Jafar said Renamo had contacted the National Elections Commission (CNE), the independent body in charge of running the elections, "to insist that the election in these districts be impartial".
Renamo wanted the CNE to guarantee that it would be able to place its polling station monitors throughout Tete.
Asked whether Renamo was prepared to give the same pledge that the Frelimo candidate, President Joaquim Chissano, gave earlier in the day, that it would accept the election results, whatever they might be, Jafar said "We will do what we did in 1994".
Journalists pointed out that in 1994 initially Renamo did not accept the results, but claimed there had been massive fraud. Only after considerable arm-twisting by the international community did Renamo change its mind, accept the results, and take its 112 seats in parliament.
Jafar did categorically rule out any return to war, thus distancing Renamo from bellicose statements by one of its coalition partners. Carlos Reis, leader of the Mozambique National Union (UNAMO), one of the ten minor parties allied with Renamo in the "Electoral Union", had claimed that there would be an armed revolt if Frelimo won the elections.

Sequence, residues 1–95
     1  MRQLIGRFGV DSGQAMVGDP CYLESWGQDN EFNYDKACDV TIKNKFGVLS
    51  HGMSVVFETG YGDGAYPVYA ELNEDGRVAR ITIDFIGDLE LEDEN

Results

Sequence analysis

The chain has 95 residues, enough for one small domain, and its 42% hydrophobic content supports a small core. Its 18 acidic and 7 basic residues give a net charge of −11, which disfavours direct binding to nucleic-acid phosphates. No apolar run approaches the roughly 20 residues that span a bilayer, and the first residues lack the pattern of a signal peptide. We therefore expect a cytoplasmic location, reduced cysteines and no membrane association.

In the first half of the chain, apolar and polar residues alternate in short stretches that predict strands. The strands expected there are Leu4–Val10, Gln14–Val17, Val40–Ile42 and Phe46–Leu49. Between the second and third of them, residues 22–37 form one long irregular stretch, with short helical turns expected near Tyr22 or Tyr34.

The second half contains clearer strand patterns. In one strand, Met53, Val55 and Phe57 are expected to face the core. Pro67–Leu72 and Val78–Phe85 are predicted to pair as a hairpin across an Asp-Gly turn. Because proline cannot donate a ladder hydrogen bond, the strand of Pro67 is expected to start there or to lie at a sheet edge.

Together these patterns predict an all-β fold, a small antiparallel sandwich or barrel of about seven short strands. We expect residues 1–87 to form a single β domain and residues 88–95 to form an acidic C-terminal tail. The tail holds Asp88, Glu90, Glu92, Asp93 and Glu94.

"The statements by Carlos Reis are entirely his responsibility", said Jafar. "He does not speak for Renamo".
As for what might happen if Chissano wins the presidency, but Renamo has a parliamentary majority, Jafar brushed this aside as an unlikely hypothesis. When journalists insisted, he said that "if Renamo has a majority and doesn't agree with the new government, then its programme won't be passed in parliament".
(Under the Mozambican constitution, in such a scenario the President has the power to dissolve parliament and call fresh elections.)
Jafar also attacked the Mozambican media, particularly the daily paper Noticias and the publicly owned TV station, TVM, for allegedly biased reporting. He said that some of the Noticias coverage of the Renamo campaign had been pure fiction, citing in particular a story published on 23 November, according to which Renamo was about to receive $7 million, with which it would distribute food in exchange for promises of votes.
The story was "completely false", said Jafar, although Renamo would certainly have liked an extra $7 million "which would have made a big difference to this campaign".
Pictures of Renamo members distributing food had nothing to do with the election, he added. Renamo had acted out of solidarity with people who had lost their homes due to mudslides caused by torrential rains in the Maputo suburb of Polana-Canico, and had given them "a symbolic amount of food".
There was no question of buying votes, he said, since these people had lost their voting cards along with their homes, and so would be unable to vote.
He attacked Frelimo claims that large numbers of Renamo members have deserted their party and joined (or re-joined) Frelimo. "In democracy, there are no desertions. People go wherever they like", he said.